This Brilliant Hack Saved Me From Sweating Through My Clothes All Summer
Last week, I walked to a coffee shop near my apartment. The sky was blue, birds chirping, air warm, and my T-shirt—totally covered in sweat. And it wasn’t just the underarm sweat you’d suspect. I looked down and saw sweat spots down the front of my T-shirt. I tried to hide them with my tote bag as a guy walked by me and kept it there until I was safely indoors and taking an iced coffee to the face.
This wasn’t exactly a surprise. I sweat—a lot. A shower is a nonnegotiable part of my workout routine, and even so, I usually continue to sweat even after I finish drying off. It drives me crazy. As Rodney Ruxin of The League would say: “Forever unclean!” Let’s not even get started on the heatwave currently assaulting New York City. I can’t even make it from my apartment to the subway without feeling that telltale trickle of sweat slide down from my chest.
This week, I decided I wasn’t going to take it anymore. I was going to beat the sweat the best way I knew how: Antiperspirant! Obviously.
I’ve waxed poetic about my love for natural deodorants before, but I knew they couldn’t (and wouldn’t) stand up to my current sweat situation. So I called in the big guns: A spray-on antiperspirant. Even though they’re often considered interchangeable, antiperspirant and deodorant are two different things; the first counteracts sweating, while the latter neutralizes B.O. Why the spray-on? Clearly, I have a lot of area to cover, and the idea of swiping a deodorant stick all over my body is, um, unappealing.
I arm myself with not one but two cans of Dove Cool Essentials Dry Spray Antiperspirant ($7, drugstore.com). Off the bat, I love the way it smells. There’s a hint of cucumber, and it makes me feel clean and fresh even though there are already small beads of sweat on my upper lip. Another bonus: I don’t feel it at all on my skin. It’s totally imperceptible. So I spray it everywhere, focusing on my underarms, my chest, and stomach, and then try to aim it at my back and totally miss. I hope my bathroom enjoys its new coating of antiperspirant. This is technically off-label use, but rules were made to be broken or something, right?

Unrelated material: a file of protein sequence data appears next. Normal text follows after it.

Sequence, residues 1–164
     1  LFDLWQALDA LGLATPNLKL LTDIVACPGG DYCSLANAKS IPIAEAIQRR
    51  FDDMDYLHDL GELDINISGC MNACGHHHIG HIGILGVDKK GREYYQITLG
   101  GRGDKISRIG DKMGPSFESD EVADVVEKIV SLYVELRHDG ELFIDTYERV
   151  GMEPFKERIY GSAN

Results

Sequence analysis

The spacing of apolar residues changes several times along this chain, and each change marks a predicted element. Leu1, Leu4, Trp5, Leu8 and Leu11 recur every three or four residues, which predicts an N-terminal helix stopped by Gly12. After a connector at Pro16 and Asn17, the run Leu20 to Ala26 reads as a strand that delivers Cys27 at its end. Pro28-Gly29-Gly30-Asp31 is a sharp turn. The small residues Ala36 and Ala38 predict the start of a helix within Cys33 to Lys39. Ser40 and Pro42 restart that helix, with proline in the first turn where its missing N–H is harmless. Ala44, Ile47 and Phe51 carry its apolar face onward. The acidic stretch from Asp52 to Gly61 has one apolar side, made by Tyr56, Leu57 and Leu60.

In the afternoon, I walk through the 90-degree sunshine to the coffee shop, because a $4 cold brew is cheaper than running my AC at full blast all afternoon. It’s so hot and humid that I feel like I’m wading through soup—which is why I’m actually shocked that my shirt isn’t fully soaked by the time I get there. I’m seriously impressed (and also grateful). I reward my own ingenuity with a mini croissant stuffed with Nutella.
Naturally, I decide to push my luck. The next day, I have a drink date with a friend downtown—like, 60-plus-blocks-away downtown—and figure I should walk it. Even though it’s late in the afternoon, the air still feels balmy and heavy. Like this isn’t bad enough of an idea, I decide to wear a white T-shirt. Maybe the heat had gone to my head.
Halfway there, I realize that this is a worse idea than the time I painted my cell phone with pink nail polish (I was in eighth grade, in my defense). But it’s not really my front that’s the issue. It’s the back. And by the time I get to the wine bar, I feel—and probably look—like Jack Black. “Be honest with me,” I tell my friend. “On a scale of one to Jack Black, where am I?” I turn around to show her the back of my T-shirt.
She gives me a long, solemn look. “I don’t know why this is the first name that came to mind…but I’m getting Anthony Kiedis,” she says. Anthony Kiedis is the lead singer of the Red Hot Chili Peppers. I don’t know whether this is a good thing or a bad thing—but I have my guesses, and I don’t like any of them. But it doesn’t matter. I’m finally comfortable in an air-conditioned room with a glass of cold rosé in hand, so I move on.
I’d say my sweat hack worked, even if only under reasonable circumstances. And while it won’t make this heatwave go back to the circle of hell it came from, it definitely makes it easier for me to go out in public without packing a change of clothes. No sweat.
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